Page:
Thursday, April 21, 2011

Pastry Chef's Baking Tips

If you've ever asked questions like, "what constitutes a bad egg?" or "my recipe calls for cake flour, but I only have all-purpose, what to do?", then you're not alone.  In the world of baking, often equated to a science, there is no dearth of "do's and don'ts".  And because each "rule" is significant to the final outcome, you don't want to side-step or break any.  Like a typical science project, one false step could cost you dearly.

So, not to worry, your help has arrived.  These pastry chef tips, courtesy of Williams-Sonoma, will answer some of your most pressing baking questions and put you on the road to baking rockstardom!

Now....start your ovens and, of course, Happy Eating! 

Pastry Chef's Baking Tips
  • If you are unable to find cake flour, you can substitute all-purpose flour.  It is heavier, however, so you need to adjust the amount.  Use 3/4 cup sifted all-purpose flour plus 2 tbsp. cornstarch for every 1 cup cake flour.
  • To test if butter is at room temperature, lightly press on it with a clean fingertip.  If it leaves an imprint, the butter is ready to use.
  • If you are unsure about the freshness of your eggs, put them in a bowl of cold water.  If the eggs sink to the bottom and lie on their sides, they are fresh.  If they float or stand on one end, the eggs are at their prime.
  • To bring cold eggs up to room temperature quickly, put whole eggs in a bowl of lukewarm water (hot water might cook them) for 30 minutes.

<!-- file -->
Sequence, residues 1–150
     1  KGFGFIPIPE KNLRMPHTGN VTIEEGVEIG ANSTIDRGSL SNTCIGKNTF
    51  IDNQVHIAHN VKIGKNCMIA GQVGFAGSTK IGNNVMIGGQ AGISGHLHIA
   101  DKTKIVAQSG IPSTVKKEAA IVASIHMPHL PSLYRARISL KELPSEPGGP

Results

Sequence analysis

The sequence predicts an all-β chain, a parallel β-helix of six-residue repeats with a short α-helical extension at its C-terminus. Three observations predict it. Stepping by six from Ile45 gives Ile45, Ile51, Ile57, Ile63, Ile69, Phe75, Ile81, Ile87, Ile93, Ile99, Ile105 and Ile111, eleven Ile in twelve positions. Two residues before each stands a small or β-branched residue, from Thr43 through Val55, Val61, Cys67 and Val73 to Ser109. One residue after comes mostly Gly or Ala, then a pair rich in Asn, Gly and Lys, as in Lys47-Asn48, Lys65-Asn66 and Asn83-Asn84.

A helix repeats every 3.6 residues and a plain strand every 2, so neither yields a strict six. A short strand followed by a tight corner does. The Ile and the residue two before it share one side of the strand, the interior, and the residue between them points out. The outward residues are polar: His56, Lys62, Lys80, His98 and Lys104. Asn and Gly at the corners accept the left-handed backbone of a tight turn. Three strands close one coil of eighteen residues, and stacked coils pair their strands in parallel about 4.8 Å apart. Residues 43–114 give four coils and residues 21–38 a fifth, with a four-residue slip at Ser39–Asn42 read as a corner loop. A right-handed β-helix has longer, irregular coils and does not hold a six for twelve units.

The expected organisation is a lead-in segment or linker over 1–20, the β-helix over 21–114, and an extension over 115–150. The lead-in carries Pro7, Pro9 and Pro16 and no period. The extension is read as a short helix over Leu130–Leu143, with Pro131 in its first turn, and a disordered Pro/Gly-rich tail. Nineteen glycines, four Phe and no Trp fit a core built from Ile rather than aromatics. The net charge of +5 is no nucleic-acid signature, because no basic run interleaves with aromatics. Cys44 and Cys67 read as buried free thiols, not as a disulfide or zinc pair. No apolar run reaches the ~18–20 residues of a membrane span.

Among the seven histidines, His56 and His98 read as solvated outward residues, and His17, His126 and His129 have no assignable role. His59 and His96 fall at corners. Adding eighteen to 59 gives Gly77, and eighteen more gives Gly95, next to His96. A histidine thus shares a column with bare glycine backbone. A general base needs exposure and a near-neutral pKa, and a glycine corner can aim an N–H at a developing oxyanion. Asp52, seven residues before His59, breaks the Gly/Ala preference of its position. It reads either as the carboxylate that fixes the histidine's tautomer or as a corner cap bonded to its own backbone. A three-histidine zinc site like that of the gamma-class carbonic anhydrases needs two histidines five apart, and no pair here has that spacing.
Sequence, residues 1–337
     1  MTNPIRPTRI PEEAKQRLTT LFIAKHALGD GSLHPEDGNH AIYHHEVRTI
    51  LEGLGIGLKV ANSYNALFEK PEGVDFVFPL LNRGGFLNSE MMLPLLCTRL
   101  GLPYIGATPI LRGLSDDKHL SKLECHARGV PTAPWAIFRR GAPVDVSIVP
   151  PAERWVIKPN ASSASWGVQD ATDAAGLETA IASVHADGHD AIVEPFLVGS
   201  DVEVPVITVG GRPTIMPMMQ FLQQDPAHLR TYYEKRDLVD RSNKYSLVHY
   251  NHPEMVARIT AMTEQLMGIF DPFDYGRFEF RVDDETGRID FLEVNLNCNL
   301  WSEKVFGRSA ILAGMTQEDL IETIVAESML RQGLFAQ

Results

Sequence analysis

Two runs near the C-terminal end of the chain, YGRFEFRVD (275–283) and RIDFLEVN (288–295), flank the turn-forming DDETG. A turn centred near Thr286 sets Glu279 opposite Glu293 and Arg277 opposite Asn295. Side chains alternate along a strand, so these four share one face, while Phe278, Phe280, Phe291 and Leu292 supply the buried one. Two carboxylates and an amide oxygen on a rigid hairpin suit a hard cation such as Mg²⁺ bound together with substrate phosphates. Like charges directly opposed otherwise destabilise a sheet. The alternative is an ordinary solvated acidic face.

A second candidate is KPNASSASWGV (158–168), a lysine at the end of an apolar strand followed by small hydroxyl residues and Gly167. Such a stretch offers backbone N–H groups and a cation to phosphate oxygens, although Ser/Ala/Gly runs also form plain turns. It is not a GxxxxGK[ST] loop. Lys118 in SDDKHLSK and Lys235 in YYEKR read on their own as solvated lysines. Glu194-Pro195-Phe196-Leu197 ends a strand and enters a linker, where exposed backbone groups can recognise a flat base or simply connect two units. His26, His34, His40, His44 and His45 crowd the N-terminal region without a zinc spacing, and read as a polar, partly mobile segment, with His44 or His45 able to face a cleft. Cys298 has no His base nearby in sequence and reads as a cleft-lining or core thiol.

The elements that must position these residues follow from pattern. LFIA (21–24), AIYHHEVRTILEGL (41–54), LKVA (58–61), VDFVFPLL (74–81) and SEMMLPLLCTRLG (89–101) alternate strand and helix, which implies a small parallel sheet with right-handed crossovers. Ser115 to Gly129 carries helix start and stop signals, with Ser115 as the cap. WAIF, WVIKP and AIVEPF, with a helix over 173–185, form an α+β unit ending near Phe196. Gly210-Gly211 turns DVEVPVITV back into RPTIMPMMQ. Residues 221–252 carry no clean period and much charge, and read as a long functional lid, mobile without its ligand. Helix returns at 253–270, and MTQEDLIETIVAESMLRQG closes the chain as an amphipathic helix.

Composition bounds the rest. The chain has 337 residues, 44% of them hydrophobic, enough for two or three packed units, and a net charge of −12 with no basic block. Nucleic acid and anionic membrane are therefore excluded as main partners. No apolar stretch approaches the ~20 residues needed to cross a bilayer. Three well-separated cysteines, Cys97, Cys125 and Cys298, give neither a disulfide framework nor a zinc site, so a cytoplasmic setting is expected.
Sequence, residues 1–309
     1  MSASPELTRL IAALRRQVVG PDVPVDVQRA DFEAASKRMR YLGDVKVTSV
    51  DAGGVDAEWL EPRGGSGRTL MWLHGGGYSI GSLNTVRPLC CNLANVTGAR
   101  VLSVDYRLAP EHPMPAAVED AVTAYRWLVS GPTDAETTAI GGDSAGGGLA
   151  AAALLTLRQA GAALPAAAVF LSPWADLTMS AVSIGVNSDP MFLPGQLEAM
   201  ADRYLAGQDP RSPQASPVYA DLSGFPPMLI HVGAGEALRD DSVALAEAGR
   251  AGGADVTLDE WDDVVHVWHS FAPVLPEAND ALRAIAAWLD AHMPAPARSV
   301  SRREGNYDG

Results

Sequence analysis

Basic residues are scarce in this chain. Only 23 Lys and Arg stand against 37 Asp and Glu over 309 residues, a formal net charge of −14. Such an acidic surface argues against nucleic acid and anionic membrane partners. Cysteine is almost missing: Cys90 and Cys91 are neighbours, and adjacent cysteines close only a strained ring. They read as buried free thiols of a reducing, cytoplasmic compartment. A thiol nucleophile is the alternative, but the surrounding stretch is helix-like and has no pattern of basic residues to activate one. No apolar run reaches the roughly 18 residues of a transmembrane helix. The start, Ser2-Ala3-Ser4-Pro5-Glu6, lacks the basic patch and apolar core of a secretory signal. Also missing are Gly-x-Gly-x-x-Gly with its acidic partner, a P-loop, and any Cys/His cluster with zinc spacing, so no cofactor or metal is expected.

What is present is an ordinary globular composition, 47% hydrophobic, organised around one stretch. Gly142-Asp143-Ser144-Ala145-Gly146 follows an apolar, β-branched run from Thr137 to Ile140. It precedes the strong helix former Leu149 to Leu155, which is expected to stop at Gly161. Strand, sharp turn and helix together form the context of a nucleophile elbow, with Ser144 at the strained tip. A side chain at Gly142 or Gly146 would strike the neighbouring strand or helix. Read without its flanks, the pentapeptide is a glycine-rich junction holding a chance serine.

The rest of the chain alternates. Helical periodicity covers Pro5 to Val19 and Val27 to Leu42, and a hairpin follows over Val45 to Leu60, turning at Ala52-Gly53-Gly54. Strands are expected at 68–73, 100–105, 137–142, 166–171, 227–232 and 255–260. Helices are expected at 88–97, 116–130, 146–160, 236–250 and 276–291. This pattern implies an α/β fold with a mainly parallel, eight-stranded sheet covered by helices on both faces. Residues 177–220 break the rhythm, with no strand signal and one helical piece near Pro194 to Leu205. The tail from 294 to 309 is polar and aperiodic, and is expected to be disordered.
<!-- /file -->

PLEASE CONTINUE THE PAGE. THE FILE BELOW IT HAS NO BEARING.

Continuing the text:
• If tiny egg shell fragments fall into the bowl of egg whites or yolks, use an emptied shell to scoop up the fragments, which will readily cling to the shell.  This technique is more effective than using your fingers or a spoon or knife tip.
  • Salt helps to bring out the flavors in sweet baked goods.
  • Cream of tartar is used in angel food cakes primarily to stabilize the egg whites, but it also lowers the pH of the batter, resulting in a whiter crumb.
  • A dark pan absorbs heat more readily than a light-colored one and can cause delicate cakes to overbrown.  If using a dark pan, watch the cake closely as it bakes.  You may need to reduce the oven temperature or shorten the baking time.
  • Don't open the oven door during the first 15 minutes of baking any cake.  Changes in the air pressure or temperature can prevent the cake from rising properly.
  • If the parchment paper used to line the pan sticks to the bottom of the cake, dip a pastry brush in warm water and lightly brush the paper.  The water should loosen it, making it easier to remove without damaging the cake.
  • To protect the top of a cheesecake when covering it for chilling, invert a large plate over the top of the pan before wrapping in plastic wrap.   

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